The informational continuity I think is important, and the idea is that if you go to a patient-centered medical home, you’re more likely to get that.

But if we think about it really, is that informational continuity only available in a patient-centered medical home? Take, for example, the Cleveland Clinic, which has a partnership with CVS’ MinuteClinics and, through a partnership with American Well, is providing telemedicine care—not by Cleveland Clinic providers but by other providers.

But from what I understand, those records go right into the electronic health record for Cleveland Clinic. So I don’t know whether a patient-centered medical home is really necessary for informational continuity or if it is just easier than overcoming the inter­operability issues.

The last point is that if I’m taking care of a patient with a lot of chronic illnesses, I need all that information. But for the types of problems we’re talking about here—for, say, a generally healthy 45-year-old woman who might come to me with a urinary tract infection—she can tell me most of what I need to know. Might she miss some allergies and so forth? Yes. I think there is that concern. But most of the time, with low-acuity problems, information continuity may not be as critical.

Some of the primary care physician groups are fighting or raising lots of questions about convenience medicine. Do you think those concerns are valid, or are they just protecting turf?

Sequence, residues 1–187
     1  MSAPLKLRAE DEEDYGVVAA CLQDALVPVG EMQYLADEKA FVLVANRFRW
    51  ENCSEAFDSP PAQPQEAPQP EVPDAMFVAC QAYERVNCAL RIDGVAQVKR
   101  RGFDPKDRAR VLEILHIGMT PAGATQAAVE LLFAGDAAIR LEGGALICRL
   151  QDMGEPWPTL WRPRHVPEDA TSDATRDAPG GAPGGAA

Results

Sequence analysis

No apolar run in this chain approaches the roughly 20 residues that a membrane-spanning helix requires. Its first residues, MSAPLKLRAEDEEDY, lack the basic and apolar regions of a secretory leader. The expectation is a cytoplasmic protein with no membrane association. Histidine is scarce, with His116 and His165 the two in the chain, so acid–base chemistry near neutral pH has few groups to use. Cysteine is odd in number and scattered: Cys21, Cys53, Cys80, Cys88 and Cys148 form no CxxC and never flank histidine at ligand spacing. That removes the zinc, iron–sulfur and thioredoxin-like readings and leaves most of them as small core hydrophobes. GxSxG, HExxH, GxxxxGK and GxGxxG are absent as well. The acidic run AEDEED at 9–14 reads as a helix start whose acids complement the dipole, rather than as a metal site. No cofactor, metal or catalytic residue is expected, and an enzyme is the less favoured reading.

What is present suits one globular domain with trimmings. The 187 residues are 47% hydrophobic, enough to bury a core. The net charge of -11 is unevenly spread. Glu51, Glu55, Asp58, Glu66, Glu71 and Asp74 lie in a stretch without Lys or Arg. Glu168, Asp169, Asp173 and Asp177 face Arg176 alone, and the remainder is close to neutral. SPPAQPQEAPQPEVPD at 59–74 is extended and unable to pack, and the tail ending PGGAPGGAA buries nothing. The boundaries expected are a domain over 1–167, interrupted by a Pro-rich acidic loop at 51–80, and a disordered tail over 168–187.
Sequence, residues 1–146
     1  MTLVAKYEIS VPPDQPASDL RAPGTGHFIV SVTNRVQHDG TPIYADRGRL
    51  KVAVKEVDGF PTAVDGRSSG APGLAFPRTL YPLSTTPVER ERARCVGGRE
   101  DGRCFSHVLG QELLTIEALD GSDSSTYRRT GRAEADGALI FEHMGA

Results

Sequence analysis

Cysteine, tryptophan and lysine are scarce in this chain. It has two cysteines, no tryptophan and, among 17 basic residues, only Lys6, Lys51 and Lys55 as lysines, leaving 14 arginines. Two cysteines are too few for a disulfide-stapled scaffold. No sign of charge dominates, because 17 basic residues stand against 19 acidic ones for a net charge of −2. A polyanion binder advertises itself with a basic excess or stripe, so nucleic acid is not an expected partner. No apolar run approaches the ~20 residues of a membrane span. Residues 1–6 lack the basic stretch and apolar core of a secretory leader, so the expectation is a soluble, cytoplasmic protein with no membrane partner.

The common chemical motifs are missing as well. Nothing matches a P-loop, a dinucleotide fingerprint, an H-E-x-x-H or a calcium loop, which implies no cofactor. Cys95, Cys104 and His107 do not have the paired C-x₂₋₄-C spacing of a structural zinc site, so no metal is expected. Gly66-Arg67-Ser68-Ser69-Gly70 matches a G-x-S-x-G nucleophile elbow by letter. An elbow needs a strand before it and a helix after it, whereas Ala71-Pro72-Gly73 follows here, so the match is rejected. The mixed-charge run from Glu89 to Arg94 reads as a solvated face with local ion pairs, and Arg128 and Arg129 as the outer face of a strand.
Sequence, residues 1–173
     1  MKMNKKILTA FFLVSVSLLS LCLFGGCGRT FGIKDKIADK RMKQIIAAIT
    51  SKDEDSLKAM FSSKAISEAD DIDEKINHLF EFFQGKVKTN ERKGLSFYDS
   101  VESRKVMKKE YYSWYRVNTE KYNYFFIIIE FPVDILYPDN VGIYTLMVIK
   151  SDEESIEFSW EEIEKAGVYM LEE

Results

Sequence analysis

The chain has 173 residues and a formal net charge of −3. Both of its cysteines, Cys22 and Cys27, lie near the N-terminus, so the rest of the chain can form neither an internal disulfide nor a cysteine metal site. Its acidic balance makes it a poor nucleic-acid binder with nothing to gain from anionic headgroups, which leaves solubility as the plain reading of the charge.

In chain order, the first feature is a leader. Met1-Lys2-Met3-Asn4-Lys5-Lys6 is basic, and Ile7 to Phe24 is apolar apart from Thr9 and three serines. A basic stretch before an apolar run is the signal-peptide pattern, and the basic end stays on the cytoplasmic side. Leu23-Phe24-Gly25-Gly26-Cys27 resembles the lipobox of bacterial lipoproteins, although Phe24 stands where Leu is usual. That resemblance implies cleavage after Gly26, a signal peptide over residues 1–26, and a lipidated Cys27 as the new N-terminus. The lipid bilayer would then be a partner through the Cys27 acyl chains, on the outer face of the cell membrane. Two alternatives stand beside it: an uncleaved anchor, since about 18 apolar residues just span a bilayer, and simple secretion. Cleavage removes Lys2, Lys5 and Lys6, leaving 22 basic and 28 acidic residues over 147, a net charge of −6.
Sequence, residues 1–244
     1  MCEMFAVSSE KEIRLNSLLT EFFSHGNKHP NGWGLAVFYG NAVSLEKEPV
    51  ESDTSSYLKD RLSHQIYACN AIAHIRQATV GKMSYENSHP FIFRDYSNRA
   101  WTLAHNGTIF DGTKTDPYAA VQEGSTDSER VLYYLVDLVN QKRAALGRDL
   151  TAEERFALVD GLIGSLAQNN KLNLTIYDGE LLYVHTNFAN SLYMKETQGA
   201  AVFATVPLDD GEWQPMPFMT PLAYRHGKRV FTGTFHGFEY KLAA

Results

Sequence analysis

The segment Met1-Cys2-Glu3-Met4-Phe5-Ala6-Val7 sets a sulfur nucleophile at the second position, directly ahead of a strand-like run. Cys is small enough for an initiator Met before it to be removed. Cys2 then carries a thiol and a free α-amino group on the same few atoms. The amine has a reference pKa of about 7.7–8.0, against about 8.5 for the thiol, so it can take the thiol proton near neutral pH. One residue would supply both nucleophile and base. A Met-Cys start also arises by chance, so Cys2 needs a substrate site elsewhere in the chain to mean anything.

For the last 10 years, I’ve been studying these concerns or criticisms. First, I’ll tell you about what I think has been disproven and then move to what I think has more merit.

What we have found is that the retail clinics provide equal quality care to physician offices and, in some cases, even a little better care.

The first [criticism] is that the quality of care is bad. They say, “Hey, those nurse practitioners at those retail clinics don’t know what they’re doing; they’re undertrained; they’re just going to provide anti­biotics unnecessarily, and they’re going to misdiagnose, and patients are going to go get care anyways from another doc, etcetera.”

What we have found doing research using charts, using claims, is that the retail clinics provide equal quality care to physician offices, and in some cases, even a little bit better.

A little bit better at what?

Providing a good patient experience and concordance with guidelines.

They usually are a little more consumer-friendly, and they take more time and that might be the greatest driver of the patient’s experience.

If patients have a cold, the retail clinics very rarely prescribe antibiotics compared with doctors.

The most common reason people visit a retail clinic is for acute respiratory illnesses—sinusitis, bronchitis, ear infections, etcetera. For some diagnoses, antibiotics are necessary and may be helpful, and for others it’s clearly not indicated. The retail clinic providers are much more consistent with the guidelines. If patients have a cold, the retail clinics very rarely prescribe antibiotics compared with doctors. And they’re more likely to use rapid testing for strep, which is a good way of limiting antibiotic prescribing. So, those are some examples of where the quality is better.